A typical teaching sequence in computing is designed to teach new skills, practise and refine these and give children the opportunity to use and apply them:

  1. Set the learning that is about to take place within the chronology of pupils learning and skill development to date, starting with what the children know, understand, are able to do and able to say.
  2. Specify key vocabulary / new terminology to be used and its meaning.
  3. Develop understanding of the new knowledge or skill
  4. Use and apply new skill or knowledge to achieve a required outcome
  5. Provide opportunities for children to recall and practise new knowledge or skill
  6. Assess and reflect on the learning and skill development that has taken place
  7. Provide further teaching to address any errors/ misconception

At the beginning of each unit and throughout, children revisit prior learning and link this to new concepts being taught. Additionally, at the end of a learning sequence, children reflect on their new learning and skills and there is opportunity for further teaching when knowledge or skills have not been retained.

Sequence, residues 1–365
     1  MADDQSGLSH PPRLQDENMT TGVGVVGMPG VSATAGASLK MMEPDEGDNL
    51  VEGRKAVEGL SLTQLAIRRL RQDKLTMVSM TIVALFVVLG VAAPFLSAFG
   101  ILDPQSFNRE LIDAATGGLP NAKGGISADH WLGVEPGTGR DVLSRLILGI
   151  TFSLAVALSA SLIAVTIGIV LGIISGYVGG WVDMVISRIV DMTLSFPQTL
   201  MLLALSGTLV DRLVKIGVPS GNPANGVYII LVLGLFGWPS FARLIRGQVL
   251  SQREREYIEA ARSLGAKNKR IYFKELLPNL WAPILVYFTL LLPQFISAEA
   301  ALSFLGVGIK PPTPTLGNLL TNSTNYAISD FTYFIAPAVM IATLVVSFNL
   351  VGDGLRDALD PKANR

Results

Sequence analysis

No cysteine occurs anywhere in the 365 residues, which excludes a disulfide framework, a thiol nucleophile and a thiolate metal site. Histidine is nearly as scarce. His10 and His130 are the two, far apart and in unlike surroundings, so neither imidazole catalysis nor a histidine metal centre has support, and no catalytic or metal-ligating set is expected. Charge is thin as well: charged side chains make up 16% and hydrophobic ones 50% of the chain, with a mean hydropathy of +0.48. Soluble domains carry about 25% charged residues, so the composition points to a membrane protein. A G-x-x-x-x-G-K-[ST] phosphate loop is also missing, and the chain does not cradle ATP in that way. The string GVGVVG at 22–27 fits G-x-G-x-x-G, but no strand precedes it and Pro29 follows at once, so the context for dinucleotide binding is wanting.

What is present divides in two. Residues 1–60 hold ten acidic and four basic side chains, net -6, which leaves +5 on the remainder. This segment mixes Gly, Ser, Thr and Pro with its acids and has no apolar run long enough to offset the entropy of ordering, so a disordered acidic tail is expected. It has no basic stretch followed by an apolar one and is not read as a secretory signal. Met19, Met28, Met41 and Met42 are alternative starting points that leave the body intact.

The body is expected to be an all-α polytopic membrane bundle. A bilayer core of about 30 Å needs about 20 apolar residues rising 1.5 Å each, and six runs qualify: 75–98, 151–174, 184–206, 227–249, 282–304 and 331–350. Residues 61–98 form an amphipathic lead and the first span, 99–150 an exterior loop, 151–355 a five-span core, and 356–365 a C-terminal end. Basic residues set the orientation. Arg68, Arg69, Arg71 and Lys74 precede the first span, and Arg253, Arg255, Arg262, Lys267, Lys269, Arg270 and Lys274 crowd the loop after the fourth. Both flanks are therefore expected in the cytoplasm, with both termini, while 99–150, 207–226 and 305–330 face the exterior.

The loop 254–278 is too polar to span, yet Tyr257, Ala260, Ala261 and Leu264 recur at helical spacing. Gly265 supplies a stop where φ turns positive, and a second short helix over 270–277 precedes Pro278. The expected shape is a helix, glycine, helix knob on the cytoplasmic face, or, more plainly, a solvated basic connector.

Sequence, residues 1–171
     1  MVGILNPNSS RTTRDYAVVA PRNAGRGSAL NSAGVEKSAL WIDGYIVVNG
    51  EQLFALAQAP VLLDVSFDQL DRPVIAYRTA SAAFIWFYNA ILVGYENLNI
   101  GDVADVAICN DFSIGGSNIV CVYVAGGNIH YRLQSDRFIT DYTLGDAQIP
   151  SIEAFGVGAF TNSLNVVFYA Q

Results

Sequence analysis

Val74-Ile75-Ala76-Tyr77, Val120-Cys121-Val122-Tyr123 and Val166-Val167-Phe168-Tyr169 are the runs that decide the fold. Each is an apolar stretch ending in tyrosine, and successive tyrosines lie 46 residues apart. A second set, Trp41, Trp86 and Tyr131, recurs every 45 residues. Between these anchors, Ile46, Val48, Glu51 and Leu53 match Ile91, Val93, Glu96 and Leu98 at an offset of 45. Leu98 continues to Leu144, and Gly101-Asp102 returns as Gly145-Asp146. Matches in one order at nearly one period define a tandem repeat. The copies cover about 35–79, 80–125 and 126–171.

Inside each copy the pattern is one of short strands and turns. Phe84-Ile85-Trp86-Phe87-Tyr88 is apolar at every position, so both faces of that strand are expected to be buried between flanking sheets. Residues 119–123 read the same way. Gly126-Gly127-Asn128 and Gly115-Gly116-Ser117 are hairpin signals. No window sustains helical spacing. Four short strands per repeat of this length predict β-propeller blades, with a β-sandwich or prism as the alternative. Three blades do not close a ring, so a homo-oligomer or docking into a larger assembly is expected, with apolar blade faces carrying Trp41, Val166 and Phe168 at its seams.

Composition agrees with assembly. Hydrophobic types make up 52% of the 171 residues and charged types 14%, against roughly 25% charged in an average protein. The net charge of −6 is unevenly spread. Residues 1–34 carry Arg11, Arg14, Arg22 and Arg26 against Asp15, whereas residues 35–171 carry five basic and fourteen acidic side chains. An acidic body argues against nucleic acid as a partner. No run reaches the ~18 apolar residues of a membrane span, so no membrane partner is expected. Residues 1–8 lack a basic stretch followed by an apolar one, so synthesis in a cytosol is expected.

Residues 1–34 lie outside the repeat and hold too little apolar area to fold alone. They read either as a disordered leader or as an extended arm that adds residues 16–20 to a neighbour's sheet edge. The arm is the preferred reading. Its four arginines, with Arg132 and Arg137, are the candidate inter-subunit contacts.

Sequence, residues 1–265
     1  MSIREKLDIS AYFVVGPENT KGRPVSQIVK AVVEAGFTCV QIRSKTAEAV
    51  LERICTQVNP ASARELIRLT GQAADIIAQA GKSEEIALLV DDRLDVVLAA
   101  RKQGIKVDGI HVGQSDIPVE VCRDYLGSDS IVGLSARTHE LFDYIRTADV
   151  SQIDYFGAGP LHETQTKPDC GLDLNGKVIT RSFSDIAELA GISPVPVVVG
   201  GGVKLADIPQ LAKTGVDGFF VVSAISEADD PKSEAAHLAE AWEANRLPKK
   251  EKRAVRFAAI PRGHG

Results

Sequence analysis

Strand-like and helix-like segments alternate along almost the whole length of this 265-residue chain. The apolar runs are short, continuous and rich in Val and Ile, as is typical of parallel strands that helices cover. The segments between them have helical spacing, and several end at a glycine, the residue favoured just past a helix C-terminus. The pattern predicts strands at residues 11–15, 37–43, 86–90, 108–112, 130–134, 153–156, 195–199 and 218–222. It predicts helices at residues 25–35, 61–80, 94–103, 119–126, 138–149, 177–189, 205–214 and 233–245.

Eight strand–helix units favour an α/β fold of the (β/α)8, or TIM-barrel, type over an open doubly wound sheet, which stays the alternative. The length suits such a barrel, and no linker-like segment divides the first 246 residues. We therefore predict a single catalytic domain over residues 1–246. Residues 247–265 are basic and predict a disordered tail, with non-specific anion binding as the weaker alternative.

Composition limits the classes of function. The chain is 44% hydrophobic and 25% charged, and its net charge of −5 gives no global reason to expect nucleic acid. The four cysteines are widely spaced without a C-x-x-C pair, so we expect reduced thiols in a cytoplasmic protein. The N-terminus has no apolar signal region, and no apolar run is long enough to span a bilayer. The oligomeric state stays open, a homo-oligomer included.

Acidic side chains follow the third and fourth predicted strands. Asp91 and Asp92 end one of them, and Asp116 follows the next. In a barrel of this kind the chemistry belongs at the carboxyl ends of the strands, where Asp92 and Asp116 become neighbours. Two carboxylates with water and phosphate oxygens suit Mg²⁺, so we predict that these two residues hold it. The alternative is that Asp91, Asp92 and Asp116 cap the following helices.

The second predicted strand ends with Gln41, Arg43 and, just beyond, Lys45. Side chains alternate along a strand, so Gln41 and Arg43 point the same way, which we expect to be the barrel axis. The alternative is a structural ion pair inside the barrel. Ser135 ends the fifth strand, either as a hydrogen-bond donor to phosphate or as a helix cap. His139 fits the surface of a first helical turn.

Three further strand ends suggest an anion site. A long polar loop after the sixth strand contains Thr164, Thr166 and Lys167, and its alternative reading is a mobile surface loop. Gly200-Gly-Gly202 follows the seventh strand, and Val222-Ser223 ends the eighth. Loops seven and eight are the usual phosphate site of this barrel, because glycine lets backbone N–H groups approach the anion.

A wide range of strategies are used to measure the impact of our computing curriculum. Our teaching sequences allow for regular low stakes assessments of how well children are retaining key knowledge and how well they can apply the knowledge and skills learned.

Formative assessments are carried out regularly by teachers during and after each lesson, which inform future planning. Where learning is not secure, additional learning takes place to address this. Additionally, summative assessments are carried out each term by using an internal assessment tool. As a result of these assessment tools, children’s misconceptions or gaps in subject knowledge and skills are addressed and additional teaching and support is provided.

Our subject leaders also monitor the effectiveness of the computing curriculum through carrying out regular monitoring evaluations. These evaluations are quality assured by the Curriculum Lead, Senior Leadership and Governors.

The effectiveness of computing is also monitored through pupil and parental voice throughout the course of the year.

Further information